By Kevin Weyrauch

Recently we reclaimed timbers from the old Cameron Colliery factory in Pennsylvania. The salvaged red oak timbers were re-cut and re-sawn into a timber frame home by our sister company New Energy Works Timber Frame Homes. While the home may be new, the frame has character and history unmatched by new materials.


Cindy Inkrote, Director of Northumberland County Historical Society, summarizes the history of the factory:

The Cameron Colliery located in Coal Township, near Shamokin, Pennsylvania, operated nearly continuously from 1837 to 1970 and produced more than 27 million tons of coal during that time.  It was one of the largest anthracite mining operations in Northumberland County and shipped prepared anthracite coal via railcars and trucks.  The remaining culm bank, the largest in the region, is evidence of the mine’s production through the years.  The number of workers employed by the colliery peaked in 1899 when the mine employed more than 1500 men.  Peak production occurred from 1934 until 1948.  In 1942, the colliery recorded its highest annual production, 627,158 tons, during which daily production averaged more than 2,400 tons.  Accidents claimed the lives of more than 200 workers during the colliery’s years of operation.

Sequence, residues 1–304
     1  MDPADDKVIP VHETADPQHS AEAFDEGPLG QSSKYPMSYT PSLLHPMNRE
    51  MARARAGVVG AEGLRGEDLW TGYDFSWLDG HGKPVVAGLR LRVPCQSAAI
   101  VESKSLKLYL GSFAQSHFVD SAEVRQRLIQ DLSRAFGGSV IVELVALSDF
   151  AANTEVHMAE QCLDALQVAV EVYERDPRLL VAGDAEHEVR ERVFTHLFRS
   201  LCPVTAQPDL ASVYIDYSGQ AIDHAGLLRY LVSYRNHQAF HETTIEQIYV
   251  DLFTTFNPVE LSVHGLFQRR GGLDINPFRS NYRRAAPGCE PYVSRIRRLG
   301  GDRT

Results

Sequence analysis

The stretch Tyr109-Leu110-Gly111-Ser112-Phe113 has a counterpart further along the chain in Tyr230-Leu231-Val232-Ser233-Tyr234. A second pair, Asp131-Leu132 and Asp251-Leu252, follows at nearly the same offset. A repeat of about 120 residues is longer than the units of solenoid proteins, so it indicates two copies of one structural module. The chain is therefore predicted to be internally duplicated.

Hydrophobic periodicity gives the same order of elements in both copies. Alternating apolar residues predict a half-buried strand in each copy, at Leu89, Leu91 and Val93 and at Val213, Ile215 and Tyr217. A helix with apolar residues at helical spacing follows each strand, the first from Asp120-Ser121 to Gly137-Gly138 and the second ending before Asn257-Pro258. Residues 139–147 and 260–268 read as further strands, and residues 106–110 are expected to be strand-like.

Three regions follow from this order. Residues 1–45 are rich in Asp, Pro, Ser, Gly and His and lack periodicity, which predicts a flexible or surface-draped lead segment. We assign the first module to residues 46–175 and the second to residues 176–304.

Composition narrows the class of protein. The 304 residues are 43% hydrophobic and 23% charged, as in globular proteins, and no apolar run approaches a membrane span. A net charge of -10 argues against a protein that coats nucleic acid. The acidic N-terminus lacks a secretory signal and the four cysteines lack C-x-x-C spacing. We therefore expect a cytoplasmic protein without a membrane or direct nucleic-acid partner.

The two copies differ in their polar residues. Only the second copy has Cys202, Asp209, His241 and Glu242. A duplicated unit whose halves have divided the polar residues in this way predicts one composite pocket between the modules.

The Cameron Colliery, later known as the Glen Burn Colliery, was a major contributor to the Shamokin/Coal Township economy while it operated.  The site is located along well-traveled State Highway Route 61, the main artery through Shamokin.  The colliery was the largest operation along Route 61, which serves as the gateway into the anthracite-mining region of Northumberland and Schuylkill counties. 

Reclamation efforts have begun at the site and regional power plants burn culm hauled from the massive bank to generate electricity giving the mine waste a useful purpose.  

We’re glad to have taken part in the reclamation efforts. There is nothing better than finding new uses for something considered ‘waste’.